SEATTLE – Amazon Web Services’ battle with IBM for a $600 million contract with the Central Intelligence Agency has largely played out behind the closed doors of law offices and conference rooms.
On Tuesday, though, Amazon.com’s month-old suit to prevent the government from opening the contract up to rebidding was made public. Even with plenty of redactions of pricing data and trade secrets, the filing made clear Amazon’s displeasure at the prospect of giving rival IBM another shot at the lucrative deal.
Amazon labeled IBM’s protest of the contract award “untimely and meritless,” arguing that the tech giant didn’t have the technical wherewithal to fulfill the needs of the Web-based computing services the CIA wants. And Amazon argued that the determination by the Government Accountability Office, which reviewed the contract, to reopen bidding was “arbitrary and capricious” and violates federal contracting law.
The dispute stems from a contract that seemed unlikely for AWS, an Amazon division that rents data storage and computer server time to corporations and agencies to run core business processes. AWS has carved a lucrative niche in the world of corporate computing, offering services to businesses at a fraction of the cost of owning and running their own computers.
AWS has plenty of business clients, including Amazon.com itself. But handling the ultra-secure operations of the CIA was not the sort of business that the division had taken before.
So when AWS won the contract to build the Web-based infrastructure for the CIA in January, IBM, a losing bidder, protested. IBM took its case to the GAO, which can review contract bidding processes at government agencies.
The GAO agreed, in part, with IBM in June. The GAO found that Amazon’s bid was technically superior, even though IBM’s bid to build the technology was significantly lower. But the GAO also agreed with IBM that the CIA did not properly evaluate IBM’s bid in a few narrow, technical matters, including the ability to auto-scale, which instantaneously adds or removes computing power as needed.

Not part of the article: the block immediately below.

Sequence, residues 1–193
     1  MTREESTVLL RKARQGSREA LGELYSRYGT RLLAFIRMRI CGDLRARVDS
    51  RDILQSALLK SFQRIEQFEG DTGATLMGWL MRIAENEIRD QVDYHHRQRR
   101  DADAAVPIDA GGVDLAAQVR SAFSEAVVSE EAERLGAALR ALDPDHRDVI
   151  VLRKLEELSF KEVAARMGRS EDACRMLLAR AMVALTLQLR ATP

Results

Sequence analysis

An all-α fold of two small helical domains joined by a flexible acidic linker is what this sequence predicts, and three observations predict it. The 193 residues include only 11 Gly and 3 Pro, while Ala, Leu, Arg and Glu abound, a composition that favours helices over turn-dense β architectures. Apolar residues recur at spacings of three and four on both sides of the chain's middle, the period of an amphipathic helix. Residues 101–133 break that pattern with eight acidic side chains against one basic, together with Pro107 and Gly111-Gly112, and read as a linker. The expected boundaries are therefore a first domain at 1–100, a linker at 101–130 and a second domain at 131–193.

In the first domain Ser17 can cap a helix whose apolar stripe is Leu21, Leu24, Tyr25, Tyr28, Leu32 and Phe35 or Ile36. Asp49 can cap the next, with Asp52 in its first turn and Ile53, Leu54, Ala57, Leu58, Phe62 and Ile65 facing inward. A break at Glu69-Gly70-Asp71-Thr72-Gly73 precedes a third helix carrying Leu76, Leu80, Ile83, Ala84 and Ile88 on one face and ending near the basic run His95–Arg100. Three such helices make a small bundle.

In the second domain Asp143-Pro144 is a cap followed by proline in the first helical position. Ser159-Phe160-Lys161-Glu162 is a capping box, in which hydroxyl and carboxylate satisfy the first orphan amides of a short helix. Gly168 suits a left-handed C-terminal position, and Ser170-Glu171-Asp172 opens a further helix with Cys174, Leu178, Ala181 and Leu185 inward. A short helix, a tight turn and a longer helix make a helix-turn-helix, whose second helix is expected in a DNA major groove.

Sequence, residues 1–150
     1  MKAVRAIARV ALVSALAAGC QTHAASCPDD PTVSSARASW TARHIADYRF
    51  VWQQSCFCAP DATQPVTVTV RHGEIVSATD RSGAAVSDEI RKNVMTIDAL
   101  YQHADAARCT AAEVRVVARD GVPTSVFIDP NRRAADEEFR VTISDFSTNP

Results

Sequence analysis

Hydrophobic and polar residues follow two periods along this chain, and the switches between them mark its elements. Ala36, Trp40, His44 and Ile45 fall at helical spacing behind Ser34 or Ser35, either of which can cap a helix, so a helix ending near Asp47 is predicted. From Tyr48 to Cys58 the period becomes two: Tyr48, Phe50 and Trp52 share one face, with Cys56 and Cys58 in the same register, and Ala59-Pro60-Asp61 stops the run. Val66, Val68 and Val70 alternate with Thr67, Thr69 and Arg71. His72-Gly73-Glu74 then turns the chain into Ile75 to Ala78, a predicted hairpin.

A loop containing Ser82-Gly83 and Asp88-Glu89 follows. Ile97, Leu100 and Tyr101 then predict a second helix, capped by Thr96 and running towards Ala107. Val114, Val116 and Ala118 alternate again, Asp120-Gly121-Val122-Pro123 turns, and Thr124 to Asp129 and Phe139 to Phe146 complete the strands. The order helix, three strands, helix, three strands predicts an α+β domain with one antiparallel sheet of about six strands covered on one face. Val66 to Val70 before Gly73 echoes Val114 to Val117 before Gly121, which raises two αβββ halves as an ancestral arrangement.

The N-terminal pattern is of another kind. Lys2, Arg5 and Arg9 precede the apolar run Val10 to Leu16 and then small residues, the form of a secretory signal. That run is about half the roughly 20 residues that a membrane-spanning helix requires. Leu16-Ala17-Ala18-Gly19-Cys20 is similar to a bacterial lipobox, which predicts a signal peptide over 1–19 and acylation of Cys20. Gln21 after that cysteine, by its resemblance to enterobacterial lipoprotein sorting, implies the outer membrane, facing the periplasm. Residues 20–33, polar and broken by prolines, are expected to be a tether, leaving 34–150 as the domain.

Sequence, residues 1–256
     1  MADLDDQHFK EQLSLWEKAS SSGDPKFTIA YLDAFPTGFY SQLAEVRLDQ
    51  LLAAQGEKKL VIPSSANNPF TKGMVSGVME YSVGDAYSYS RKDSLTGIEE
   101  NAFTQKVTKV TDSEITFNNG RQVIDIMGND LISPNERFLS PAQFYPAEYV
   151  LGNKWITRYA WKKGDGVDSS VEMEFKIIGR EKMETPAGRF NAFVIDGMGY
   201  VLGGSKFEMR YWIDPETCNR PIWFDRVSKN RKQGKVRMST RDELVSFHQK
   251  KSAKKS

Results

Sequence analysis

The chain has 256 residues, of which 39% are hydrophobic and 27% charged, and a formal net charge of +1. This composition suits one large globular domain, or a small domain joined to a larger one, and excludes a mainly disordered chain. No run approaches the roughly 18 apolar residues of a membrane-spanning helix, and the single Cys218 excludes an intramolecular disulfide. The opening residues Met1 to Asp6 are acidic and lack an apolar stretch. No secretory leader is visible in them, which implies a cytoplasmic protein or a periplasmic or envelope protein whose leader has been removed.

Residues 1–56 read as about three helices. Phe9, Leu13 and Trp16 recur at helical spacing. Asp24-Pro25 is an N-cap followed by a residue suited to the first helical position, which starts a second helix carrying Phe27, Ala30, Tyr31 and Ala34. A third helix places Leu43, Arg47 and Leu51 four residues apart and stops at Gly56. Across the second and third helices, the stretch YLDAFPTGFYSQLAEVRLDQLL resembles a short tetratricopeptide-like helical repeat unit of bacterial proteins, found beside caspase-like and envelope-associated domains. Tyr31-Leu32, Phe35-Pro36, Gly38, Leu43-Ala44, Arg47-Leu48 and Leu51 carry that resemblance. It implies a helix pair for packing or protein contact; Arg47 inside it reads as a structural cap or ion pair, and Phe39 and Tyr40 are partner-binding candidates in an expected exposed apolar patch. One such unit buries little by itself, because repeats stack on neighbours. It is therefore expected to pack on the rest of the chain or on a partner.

The CIA decided to follow the GAO’s recommendations.
“In response to the GAO decision, the CIA has taken corrective action and remains focused on awarding a cloud contract for the intelligence community,” agency spokesman Christopher White said.
That determination triggered Amazon’s suit against the United States last month. Amazon’s central arguments are that IBM’s revised pricing on one piece of the contract in an untimely manner, making its new bid moot. And Amazon argues that IBM doesn’t have the capability to deliver the type of Web-based computing that the CIA seeks – so even if IBM’s arguments had merit, they wouldn’t affect the outcome of the contract.
For its part, IBM said Amazon had its chance to defend its bid before the GAO and lost.
“Amazon had a chance to air its point of view fully and fairly at the GAO,” IBM spokesman Clint Roswell said.
The CIA is moving forward separately on soliciting new bids for the contract. According to Amazon’s filing, final revisions for those bids were due last Friday.
IBM is making the case that it has the experience to deliver the type of secure Web-based technology, known as cloud services, that the agency needs.
The chances seem dim that IBM will prevail. The CIA wants to move to the sort of cloud-based computing where AWS has made its mark.
“I don’t think there is a high likelihood that Amazon will lose this contact,” said James Staten, an analyst with the research firm Forrester.
But it is possible that IBM could eke out a piece of the contract in the reopened bidding process. In its suit, Amazon anticipates that possibility and argues against it.
“Even if the court should find some corrective action warranted, it should not permit IBM the undeserved windfall opportunity to make its otherwise uncompetitive, materially deficient proposal competitive now that it has AWS’s price and ratings in hand,” Amazon argued in its filing.